Imagine you’re sitting at home on a Sunday night, face mask applied, Netflix on repeat, when you feel the slightest tickle in your throat. Thinking nothing of it, you gargle a bit of salt water before bed and sleep through the night, only to wake up with totally swollen glands and — *gasp* — a stuffy, dripping nose. Small inconveniences like a sore throat and stuffy nose can indicate the first signs of the flu, but many people commonly mistake these red flags for an oncoming head cold. Treating these symptoms by simply popping a cough drop on your way to class can lead to more severe symptoms like muscle aches, high fever, and fatigue. Trust me, if there’s anything worse than catching the flu, it’s catching it and mistaking it for something less serious.
And, unfortunately, this flu season is nothing to mess around with. Of course, this isn't to say mistakes don’t happen. One of the biggest issues when it comes to definitively diagnosing the flu is that the symptoms can be traced back to countless illnesses, so while you or your doctor may not want to jump to conclusions, you also don’t want to nurse a problem that doesn’t exist. It's counterproductive and could, potentially, make you even more sick than you initially were.
On the plus side, because these types of symptoms are so common, there are more known tried-and-true remedies out there to ward off germs before they have the chance to fester and spread. Of course, the first thing you should do at the first sign of these symptoms is make an appointment with your doctor.
Normally I’m the type of person to suggest holding off to see if a stuffy nose really is just a stuffy nose, but considering this year’s H3N2 causes more fatalities than any other, I definitely would not take any chances. I'm not trying to freak you out guys; I'm just looking out for your best interest. Here are the first signs of the flu to look out for this season.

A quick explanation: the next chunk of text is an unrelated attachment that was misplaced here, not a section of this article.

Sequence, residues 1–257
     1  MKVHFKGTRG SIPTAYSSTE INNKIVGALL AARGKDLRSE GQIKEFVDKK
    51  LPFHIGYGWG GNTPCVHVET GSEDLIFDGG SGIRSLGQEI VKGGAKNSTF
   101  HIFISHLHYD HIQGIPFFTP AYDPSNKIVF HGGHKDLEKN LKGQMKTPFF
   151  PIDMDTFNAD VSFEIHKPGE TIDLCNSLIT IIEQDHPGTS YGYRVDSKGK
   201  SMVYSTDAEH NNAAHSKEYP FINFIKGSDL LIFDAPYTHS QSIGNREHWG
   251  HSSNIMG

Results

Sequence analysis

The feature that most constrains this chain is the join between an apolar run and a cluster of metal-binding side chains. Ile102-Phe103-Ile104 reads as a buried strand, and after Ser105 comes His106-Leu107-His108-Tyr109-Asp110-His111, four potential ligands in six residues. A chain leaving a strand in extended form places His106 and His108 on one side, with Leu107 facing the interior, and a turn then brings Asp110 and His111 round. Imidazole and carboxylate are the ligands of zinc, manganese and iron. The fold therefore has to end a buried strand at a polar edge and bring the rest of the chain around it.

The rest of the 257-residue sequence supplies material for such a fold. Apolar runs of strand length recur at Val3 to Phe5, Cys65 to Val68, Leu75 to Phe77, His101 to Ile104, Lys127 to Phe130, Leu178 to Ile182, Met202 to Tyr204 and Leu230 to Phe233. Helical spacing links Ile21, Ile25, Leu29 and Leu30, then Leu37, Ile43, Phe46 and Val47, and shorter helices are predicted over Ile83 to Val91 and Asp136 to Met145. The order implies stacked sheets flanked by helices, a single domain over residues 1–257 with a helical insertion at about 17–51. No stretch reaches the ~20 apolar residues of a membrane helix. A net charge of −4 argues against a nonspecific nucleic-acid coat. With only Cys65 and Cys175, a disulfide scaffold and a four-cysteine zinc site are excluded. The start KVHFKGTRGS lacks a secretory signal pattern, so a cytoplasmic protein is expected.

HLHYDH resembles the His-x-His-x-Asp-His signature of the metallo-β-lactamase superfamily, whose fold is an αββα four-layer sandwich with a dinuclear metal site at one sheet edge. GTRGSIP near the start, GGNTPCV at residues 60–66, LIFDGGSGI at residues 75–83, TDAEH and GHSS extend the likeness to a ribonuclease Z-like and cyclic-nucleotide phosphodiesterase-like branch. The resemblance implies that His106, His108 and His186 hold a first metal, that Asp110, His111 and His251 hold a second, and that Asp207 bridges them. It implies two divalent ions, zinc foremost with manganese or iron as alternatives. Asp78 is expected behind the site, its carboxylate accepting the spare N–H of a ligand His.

As I mentioned before, the real trick to identifying whether or not you're experiencing signs of influenza is to measure the severity of these symptoms in comparison with the common cold.
When you feel a little sniffly, post-nasal drip can slowly cause your glands to swell up. When you have the flu, Healthline reports, your throat is going to feel a bit scratchy at first, but will quickly become irritated, making it very uncomfortable to swallow.
Personally, I'm so confused by the temperatures of the human body. There have been plenty of times I've complained to my husband that I'm burning up, and he'll check my forehead for warmth, and my skin will feel cool as a cucumber.
According to Healthline, though, there's no second-guessing a flu-related fever. Not everyone who comes down with influenza will develop a fever, but if they do, it'll most likely be around 100 degrees Fahrenheit, or even higher.
Some of the most common flu symptoms are a combination of body aches and chills — aka the worst feeling ever. Ryan Welter, MD, PhD, owner of Tristan Medical in Massachusetts, says that early symptoms of the flu, such as body aches and chills, will often "overshadow" signs of the common cold, so there's a clear-cut red flag for you.
"If you develop cough and congestion, and think you have a cold, but suddenly develop fatigue and body aches or a high fever, you better get checked out for the flu," he tells Elite Daily.
According to Dr. Marc Siegel, a professor of medicine and medical director at NYU Langone Health, when you come down with the flu, your body is essentially under attack, and has a “hyper immune inflammatory response.” In other words, your insides are in a frenzy, trying to fight off the germs, so everything is going to feel off.
“When you’re talking about the flu versus a cold,” he tells Elite Daily, “the biggest difference is that when you have the flu, you can’t even walk around, whereas with a cold, you can.”
Not everyone who catches the flu will be coughing up a storm, BTW, but whenever mucus is blocking up your airways, it's likely that your body will respond by hacking it all up, for lack of a better phrase.
Richard Streiffer, MD, professor and chair of the Department of Family and Community Medicine at the Tulane University School of Medicine, told Everyday Health that if your nose is runny, your throat is sore, and you're coughing, "it's viral and it will take longer to get better." Lovely, right?
Of course, it's very possible that you just have an annoying tickle in your throat that you just can't shake, but once you notice that that tickle is accompanied by other symptoms, that's probably a pretty clear sign you need to see a doctor.